Harvie Brown, president of the Faculty of Actuaries in the United Kingdom, pointed out that many of the same issues involving the actuarial profession had arisen in the wake of serious financial problems with guaranteed annuities sold by Equitable Life Insurance Company (UK). A government investigation into the company led to an independent review of the actuarial profession.

The profession responded with several initiatives it had been considering. One involved the revalidation of professional competence through continuing professional education and practicing certificates. “It is no longer acceptable just to have passed exams,” Brown said. “The profession must demonstrate to the public that actuaries are also keeping themselves up to date.”

To protect against conflicts of interest, an Independent Actuarial Standards Board, operating separately from the professional governing bodies, has been proposed to establish codes of professional conduct and ethics as well as technical standards.

The proposed board will set well-defined criteria for standards, identify when new or revised standards are required, and maintain an oversight and scrutiny of the process, but will not draft the standards, Brown said. Establishment of the standards will involve wide consultation, not just with actuaries, but others involved.

Meeting the public’s expectations of the profession is a similar challenge for Canadian actuaries, said Brian FitzGerald, president, Canadian Institute of Actuaries.

“The Institute holds the duty of the profession to the public above the needs of the profession to its members,” he said.

He observed that all actuarial organizations have rules of professional conduct and requirements for continuing education, and operate counseling and discipline systems.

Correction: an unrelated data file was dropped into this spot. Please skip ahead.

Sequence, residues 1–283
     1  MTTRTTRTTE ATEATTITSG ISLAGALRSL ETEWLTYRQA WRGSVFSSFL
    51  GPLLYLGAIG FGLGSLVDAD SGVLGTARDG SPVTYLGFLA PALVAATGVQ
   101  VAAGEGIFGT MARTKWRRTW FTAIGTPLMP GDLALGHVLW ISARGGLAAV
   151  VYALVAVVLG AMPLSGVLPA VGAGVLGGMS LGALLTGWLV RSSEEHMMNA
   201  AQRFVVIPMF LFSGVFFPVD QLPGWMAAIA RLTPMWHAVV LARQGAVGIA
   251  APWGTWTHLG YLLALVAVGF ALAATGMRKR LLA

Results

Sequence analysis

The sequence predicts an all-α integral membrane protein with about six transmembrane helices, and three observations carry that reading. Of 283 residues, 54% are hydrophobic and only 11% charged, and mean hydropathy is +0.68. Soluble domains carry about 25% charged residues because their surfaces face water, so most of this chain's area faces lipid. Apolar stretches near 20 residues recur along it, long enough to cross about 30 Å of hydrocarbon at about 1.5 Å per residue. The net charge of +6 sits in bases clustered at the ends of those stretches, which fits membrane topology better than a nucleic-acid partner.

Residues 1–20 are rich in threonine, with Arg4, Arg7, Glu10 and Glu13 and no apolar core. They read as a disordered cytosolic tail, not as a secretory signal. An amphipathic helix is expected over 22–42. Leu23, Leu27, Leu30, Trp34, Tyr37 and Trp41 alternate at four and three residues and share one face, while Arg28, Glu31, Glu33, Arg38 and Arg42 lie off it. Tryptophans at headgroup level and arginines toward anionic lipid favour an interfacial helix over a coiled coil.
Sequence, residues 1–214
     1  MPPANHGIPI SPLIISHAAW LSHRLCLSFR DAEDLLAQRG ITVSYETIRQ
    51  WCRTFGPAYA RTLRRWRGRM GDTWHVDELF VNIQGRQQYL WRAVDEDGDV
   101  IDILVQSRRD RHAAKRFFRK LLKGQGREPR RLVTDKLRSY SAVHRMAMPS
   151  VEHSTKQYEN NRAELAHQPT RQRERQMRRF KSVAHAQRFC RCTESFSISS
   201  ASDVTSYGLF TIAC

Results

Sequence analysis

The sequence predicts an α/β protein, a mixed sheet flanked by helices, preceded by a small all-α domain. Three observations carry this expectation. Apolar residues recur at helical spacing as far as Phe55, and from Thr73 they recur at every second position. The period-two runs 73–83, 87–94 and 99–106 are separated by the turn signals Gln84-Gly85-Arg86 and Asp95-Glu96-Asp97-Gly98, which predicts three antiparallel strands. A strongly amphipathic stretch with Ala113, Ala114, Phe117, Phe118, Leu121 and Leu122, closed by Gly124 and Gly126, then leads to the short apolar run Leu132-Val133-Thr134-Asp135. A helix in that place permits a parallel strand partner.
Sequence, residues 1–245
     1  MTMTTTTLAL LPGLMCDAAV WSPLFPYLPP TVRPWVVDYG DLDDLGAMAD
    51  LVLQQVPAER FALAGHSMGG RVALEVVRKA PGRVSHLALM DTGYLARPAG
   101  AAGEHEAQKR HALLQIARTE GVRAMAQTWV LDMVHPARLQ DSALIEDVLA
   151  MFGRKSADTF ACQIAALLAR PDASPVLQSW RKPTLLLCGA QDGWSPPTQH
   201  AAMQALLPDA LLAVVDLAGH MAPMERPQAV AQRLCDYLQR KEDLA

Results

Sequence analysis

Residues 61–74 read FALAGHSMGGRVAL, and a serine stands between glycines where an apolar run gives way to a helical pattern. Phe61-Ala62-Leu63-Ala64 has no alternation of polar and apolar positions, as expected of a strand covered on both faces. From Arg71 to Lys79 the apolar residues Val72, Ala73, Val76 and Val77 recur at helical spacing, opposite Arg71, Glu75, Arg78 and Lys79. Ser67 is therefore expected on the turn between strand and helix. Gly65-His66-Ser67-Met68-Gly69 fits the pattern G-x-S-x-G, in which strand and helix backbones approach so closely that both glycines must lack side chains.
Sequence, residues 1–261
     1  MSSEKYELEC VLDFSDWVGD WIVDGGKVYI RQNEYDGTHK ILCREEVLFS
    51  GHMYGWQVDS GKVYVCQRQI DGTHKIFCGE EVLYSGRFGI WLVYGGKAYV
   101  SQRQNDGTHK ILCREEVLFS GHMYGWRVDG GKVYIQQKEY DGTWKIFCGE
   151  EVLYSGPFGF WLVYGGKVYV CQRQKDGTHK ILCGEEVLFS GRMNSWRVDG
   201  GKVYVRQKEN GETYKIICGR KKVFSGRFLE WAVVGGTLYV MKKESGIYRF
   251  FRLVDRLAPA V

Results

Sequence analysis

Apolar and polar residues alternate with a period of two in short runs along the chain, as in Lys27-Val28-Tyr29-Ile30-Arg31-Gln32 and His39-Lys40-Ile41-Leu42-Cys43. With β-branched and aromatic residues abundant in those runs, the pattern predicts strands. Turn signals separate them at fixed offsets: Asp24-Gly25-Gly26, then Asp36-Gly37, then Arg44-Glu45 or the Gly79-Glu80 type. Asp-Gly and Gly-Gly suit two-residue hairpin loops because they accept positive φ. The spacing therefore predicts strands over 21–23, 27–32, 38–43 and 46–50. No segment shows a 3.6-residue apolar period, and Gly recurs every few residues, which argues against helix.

FitzGerald identified several issues confronting Canadian actuaries. “One is the question of what input we should seek from people outside the profession,” he said.

“While we have sought advice from non-actuaries and consulted with outside organizations when developing standards, we have not had the practice of having them sit on our councils and committees,” FitzGerald said.

He said that the organization is discussing the addition of outsiders to its practice standards council and possibly its committee on professional conduct.

FitzGerald said there is an effort under way to strengthen ways of developing standards of practice. “We do not have an independent standard setting board, but I suspect there could be one in the future.”

Robert E. Wilcox, president, American Academy of Actuaries, agreed that there will be “significant change in the way we practice and the standards of practice.”

The Academy is considering steps to enhance the Actuarial Standards Board and the ABCD’s independence by incorporating them separately and adding non-actuaries to selected committees, who would provide advice and vet standards before they are finalized.

In addition, the U.S. profession is considering an exposure draft of a new and expanded qualification standard. This is due to concerns expressed about the level of continuing professional development credit required for those signing statements of actuarial opinion, and how it compares with other professions as well as to actuaries in other countries.